Aarogya Setu Protest
By Vickram Crishna
This is a statement of protest against the mandating of installation of privacy-breaching software on persons who may be affected by the risk of infection under certain circumstances, detailed below. SFLC.in reserves the right to file, or to assist with filing of petitions against the inclusion of this clause in the order, either in a High Court or directly in the Supreme Court. Such petition shall inter alia call for a statement from the Union Home Secretary, explaining the circumstances under which such an order, ultra vires of the law covered by the National Disaster Management Act, and directly contravening the Constitution of India, thereby exceeding the authority of the executive, has been released.
1. The order issued on May 1, 2020, (40-3/2020-DM-I(A) dt 01.05.2020), detailing the scope of graduated easing of the lockdown across the country, includes specific instructions for persons who will be allowed to attend places of employment, whether public/state or private sector (clause 3 iii.), and for persons living within designated ‘containment zones’, (Annexure 1, clause 15) to install and use the ‘Aarogya Setu’ (or, sic ‘Aarogya Setu’)smartphone app.
2. The app is a data collection tool that makes no verifiable claim for husbanding of the data, which is personal and personally identifiable information about phone users.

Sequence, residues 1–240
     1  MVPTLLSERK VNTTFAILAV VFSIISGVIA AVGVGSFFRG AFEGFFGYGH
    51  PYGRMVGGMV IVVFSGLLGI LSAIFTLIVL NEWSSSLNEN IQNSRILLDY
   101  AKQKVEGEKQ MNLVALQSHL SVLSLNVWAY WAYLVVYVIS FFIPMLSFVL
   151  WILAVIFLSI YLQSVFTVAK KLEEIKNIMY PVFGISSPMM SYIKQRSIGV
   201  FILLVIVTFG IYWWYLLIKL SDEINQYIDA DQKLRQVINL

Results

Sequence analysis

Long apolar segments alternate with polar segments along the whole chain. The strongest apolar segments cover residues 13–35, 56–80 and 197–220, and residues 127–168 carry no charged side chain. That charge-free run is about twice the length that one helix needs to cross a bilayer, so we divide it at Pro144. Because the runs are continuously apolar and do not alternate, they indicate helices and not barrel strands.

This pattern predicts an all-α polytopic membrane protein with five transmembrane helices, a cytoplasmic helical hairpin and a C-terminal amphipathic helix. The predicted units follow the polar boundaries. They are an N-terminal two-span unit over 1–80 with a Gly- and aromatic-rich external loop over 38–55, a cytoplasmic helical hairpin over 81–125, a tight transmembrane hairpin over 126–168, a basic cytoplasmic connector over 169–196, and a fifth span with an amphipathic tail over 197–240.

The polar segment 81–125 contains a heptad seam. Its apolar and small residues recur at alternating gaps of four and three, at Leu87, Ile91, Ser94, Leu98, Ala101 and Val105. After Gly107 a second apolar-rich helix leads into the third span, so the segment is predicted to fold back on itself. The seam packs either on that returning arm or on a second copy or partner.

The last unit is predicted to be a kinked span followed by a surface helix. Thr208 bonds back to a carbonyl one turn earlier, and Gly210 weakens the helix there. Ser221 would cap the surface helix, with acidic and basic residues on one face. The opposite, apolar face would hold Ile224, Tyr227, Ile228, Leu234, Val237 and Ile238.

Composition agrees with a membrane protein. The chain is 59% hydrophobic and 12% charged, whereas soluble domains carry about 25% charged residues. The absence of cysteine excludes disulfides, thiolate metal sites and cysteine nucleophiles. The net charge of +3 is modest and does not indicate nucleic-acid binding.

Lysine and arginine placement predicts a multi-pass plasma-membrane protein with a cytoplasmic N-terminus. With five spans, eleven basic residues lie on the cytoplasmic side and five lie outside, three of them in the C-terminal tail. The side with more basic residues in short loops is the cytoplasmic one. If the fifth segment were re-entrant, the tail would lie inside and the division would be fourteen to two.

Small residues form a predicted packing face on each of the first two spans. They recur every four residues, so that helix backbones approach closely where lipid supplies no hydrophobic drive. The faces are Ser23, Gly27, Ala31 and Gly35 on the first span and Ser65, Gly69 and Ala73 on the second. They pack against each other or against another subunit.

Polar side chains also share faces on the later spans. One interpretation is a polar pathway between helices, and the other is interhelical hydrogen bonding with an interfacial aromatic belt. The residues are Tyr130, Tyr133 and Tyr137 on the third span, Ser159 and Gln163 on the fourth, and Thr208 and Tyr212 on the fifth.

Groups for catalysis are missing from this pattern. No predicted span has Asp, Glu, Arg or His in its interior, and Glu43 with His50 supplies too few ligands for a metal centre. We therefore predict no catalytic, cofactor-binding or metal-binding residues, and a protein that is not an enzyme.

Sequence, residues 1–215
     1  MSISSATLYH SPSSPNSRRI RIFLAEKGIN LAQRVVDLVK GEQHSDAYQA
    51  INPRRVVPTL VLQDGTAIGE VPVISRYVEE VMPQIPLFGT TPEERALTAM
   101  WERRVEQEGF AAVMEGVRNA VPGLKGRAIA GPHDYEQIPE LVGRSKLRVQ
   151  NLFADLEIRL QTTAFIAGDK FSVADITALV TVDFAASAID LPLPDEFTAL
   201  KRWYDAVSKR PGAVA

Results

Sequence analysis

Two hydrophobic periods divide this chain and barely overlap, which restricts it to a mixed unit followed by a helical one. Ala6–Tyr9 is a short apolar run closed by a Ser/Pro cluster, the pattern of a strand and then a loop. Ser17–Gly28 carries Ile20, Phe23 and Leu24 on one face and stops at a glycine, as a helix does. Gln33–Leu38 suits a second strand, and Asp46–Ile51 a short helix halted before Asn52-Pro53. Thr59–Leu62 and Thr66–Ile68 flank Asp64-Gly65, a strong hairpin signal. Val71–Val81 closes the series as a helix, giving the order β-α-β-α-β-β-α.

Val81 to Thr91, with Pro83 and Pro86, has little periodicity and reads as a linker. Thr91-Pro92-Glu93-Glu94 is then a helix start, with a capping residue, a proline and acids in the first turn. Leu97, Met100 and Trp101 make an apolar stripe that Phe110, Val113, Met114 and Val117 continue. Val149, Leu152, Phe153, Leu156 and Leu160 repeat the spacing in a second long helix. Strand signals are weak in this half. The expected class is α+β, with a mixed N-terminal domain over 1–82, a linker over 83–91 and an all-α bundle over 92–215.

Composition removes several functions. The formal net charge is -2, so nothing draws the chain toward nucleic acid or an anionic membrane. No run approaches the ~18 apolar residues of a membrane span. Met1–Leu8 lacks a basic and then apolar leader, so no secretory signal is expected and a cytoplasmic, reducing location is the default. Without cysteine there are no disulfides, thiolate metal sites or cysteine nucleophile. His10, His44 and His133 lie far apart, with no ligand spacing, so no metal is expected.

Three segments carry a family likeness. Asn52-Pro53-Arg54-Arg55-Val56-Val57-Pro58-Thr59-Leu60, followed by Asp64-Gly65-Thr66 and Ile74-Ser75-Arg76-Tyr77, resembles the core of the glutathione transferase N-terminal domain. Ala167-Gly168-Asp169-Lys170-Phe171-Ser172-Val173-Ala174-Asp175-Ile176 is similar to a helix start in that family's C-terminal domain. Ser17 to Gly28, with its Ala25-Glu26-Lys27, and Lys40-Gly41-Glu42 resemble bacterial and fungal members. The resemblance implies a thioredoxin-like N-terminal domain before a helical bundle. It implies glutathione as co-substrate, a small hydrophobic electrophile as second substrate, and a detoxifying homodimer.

3. The app claims to be useful for protecting users from the risks of infection, but carries no guarantees or assurances that this is even possible.
4. Apart from whether it is even theoretically possible for the app to assist in safeguarding users, the order gives no instructions to anyone about usage of the app in a manner that will actually achieve that objective (also see para 7 below).
5. The tool uses Bluetooth (near distance) and GPS (locational) radio signalling tools, both of which are extremely unreliable for the stated purpose, and have never been used for assuring proximity of any two or more users. In fact, neither communication system is capable of giving that assurance, even in open air spaces, and completely incapable in covered and walled spaces. That is established science. To expect otherwise is not just wishful thinking, but has not even been tested in such an application, and for such a purpose.
6. The app in question can only be installed on Apple phones and Android phones using operating systems created after the introduction of Android ver 6. As such, the order excludes the ability of those who don’t use smartphones (an estimated 70% of India) and also those who own older phones to be gainfully employed in a workplace, or to legally continue to live in containment zones. The order makes no provision for people already living in such designated containment zones to be moved safely to live elsewhere, rather, it provides for criminalisation of existing residents who are unable to install the app.
7. The 2017 judgment on privacy spells out in no uncertain terms that any intrusion upon personal space must be in the form of a law (or, temporarily, an order) that specifically limits such intrusion, in terms of parameters of intrusion and specific time period for which such intrusion might be allowed, and the purpose for which such intrusion is needed.